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Thursday, December 14, 2006

England performs with ball, but with the bat...? Third Test day 1

England had a good day, or more accurately first two and a bit sessions. Their loss of two wickets for 51 when they batted in the final session has taken some of the gloss from their earlier efforts, yet they remain in a competitive position after a day of mostly traditional test cricket laced with some one day style bursts.

They'll be very pleased to have bowled Australia out for 244, and especially so that Monty Panesar and Steve Harmison bowled very well. Panesar's ball to dismiss Justin Langer was for me the ball of the day: the TV replays showed it subtly creeping between bat and pad to hit off stump.

Panesar was subsequently handled roughly by Andrew Symonds, who hit him for 17 in one over (including two straight sixes). Both he and his captain showed very good temperament (the latter by not taking him off and Monty by regrouping and inducing an edge from Symonds to which wicketkeeper Jones clung at the second attempt). 5/92 was probably better than most people, including me, would have expected from Panesar in his first Ashes appearance (and at Perth at that), but the figures were well-deserved. They were also, it has since been reported, the best by an English spin bowler at Perth.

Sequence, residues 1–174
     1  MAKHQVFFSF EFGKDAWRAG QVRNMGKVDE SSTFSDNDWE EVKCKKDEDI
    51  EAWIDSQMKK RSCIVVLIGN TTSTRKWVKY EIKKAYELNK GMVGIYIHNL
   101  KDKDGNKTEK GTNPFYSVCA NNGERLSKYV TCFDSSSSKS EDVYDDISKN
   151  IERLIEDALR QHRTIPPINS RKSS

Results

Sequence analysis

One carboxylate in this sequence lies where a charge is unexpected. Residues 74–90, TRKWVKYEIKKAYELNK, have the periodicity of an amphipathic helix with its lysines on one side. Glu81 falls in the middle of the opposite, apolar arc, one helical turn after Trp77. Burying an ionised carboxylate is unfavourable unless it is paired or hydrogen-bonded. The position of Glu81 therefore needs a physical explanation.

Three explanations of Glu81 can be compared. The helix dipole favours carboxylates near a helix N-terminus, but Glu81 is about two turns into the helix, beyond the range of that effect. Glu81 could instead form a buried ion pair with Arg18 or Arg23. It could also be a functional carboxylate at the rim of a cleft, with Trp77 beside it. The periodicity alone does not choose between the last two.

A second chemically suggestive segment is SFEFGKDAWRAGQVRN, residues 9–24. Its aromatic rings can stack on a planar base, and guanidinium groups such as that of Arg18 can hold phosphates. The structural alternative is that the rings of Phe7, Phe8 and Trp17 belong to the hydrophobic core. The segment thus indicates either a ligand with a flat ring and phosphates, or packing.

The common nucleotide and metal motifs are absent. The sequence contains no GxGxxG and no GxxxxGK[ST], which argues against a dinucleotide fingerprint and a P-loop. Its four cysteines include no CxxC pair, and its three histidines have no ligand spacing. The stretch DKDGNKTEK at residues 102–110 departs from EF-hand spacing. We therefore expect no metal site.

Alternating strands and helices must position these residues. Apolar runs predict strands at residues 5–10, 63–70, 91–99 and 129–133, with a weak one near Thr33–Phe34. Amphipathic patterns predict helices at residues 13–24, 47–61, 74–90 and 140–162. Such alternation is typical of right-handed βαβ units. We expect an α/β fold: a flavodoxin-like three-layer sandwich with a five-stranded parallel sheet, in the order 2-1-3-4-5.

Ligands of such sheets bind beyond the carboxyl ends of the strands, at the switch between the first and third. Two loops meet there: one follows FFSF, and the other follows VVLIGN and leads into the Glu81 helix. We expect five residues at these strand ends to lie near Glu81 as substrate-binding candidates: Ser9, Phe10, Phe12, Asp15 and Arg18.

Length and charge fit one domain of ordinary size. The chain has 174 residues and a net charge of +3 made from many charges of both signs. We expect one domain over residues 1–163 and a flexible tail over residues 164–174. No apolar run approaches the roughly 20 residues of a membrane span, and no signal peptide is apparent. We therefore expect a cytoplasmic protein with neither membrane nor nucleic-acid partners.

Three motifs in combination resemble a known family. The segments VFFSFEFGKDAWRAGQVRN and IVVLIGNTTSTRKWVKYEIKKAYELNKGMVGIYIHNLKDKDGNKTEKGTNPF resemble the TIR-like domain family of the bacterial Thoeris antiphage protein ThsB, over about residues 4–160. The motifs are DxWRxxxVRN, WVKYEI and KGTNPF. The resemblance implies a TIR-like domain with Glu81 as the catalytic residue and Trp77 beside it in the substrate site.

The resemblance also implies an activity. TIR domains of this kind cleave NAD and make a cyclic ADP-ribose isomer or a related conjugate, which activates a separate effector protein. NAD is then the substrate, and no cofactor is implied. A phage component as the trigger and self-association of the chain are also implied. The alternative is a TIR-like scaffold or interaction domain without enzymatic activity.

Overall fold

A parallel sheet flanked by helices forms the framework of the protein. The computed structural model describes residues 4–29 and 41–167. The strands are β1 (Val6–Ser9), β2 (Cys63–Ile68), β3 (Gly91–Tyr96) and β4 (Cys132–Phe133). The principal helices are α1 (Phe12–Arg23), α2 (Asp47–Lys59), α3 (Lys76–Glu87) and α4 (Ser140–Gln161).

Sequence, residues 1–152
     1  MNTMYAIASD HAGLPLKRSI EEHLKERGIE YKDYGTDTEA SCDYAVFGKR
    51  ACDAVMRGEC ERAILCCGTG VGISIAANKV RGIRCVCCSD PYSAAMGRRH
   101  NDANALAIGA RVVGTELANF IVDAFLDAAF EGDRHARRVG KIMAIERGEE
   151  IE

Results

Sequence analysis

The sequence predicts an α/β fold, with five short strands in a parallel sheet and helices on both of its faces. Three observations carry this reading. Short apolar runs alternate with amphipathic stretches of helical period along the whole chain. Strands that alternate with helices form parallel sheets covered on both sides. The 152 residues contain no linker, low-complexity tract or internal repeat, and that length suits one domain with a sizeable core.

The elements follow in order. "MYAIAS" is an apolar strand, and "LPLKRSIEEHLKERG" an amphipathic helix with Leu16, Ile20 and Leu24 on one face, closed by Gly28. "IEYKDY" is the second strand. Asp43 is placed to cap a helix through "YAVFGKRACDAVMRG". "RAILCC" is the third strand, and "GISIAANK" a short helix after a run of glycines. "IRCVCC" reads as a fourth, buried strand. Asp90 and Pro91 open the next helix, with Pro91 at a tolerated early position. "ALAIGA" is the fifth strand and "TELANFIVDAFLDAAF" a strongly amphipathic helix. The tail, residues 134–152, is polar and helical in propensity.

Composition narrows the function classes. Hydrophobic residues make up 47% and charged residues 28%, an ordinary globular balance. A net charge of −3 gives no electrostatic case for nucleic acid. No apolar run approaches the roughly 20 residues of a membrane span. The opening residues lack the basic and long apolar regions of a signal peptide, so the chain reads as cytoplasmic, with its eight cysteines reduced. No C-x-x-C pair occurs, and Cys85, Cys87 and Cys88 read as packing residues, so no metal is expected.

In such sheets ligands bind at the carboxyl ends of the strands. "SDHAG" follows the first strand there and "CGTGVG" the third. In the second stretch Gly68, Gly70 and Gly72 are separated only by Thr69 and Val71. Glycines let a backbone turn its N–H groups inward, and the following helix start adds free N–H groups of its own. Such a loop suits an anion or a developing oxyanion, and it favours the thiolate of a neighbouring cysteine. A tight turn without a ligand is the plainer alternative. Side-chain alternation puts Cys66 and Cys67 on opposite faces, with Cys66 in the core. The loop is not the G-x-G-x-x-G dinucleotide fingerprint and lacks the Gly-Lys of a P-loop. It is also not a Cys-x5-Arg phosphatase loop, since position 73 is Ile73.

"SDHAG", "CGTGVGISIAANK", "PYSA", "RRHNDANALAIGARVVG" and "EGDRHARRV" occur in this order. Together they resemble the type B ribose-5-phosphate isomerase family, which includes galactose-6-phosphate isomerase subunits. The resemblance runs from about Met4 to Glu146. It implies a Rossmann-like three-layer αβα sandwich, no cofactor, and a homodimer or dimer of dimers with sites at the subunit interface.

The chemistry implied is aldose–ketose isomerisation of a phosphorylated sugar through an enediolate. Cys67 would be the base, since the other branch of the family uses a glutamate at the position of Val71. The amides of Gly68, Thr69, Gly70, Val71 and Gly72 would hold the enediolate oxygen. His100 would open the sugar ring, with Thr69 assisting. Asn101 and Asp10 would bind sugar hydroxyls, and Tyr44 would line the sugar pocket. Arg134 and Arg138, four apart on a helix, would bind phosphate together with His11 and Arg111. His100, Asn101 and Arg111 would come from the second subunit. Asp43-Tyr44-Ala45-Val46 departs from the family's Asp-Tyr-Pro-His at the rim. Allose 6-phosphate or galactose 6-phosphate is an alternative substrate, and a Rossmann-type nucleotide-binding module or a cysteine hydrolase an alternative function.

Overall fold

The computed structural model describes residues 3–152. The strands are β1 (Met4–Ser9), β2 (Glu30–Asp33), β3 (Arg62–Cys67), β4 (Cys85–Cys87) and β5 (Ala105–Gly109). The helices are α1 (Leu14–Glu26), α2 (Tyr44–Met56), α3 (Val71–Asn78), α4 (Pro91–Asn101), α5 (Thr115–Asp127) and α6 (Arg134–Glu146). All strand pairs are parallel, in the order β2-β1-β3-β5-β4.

The wicket was livelier than those for the previous two tests, but several Australian batsmen including Matthew Hayden, Justin Langer and Michael Clarke got out when they seemed about to go on to bigger things. Symonds delighted spectators with his hitting but he forgot that he was playing in a test match, not a limited overs game. Captain Ponting and vice-captain Gilchrist failed: Harmison's dismissal of Ponting lbw showed how far he's come since that first ball in Brisbane.


All this is very well, but set 2/51 against the Australian 244 and the match looks evenly poised. Think about the fiery opening spells of Brett Lee and Glenn McGrath and the two probing overs bowled by Stuart Clark (during which Collingwood was dropped at slip) and it might even seem that the home team has the edge. The first session tomorrow is likely to be crucial. I'll be glued to my seat.
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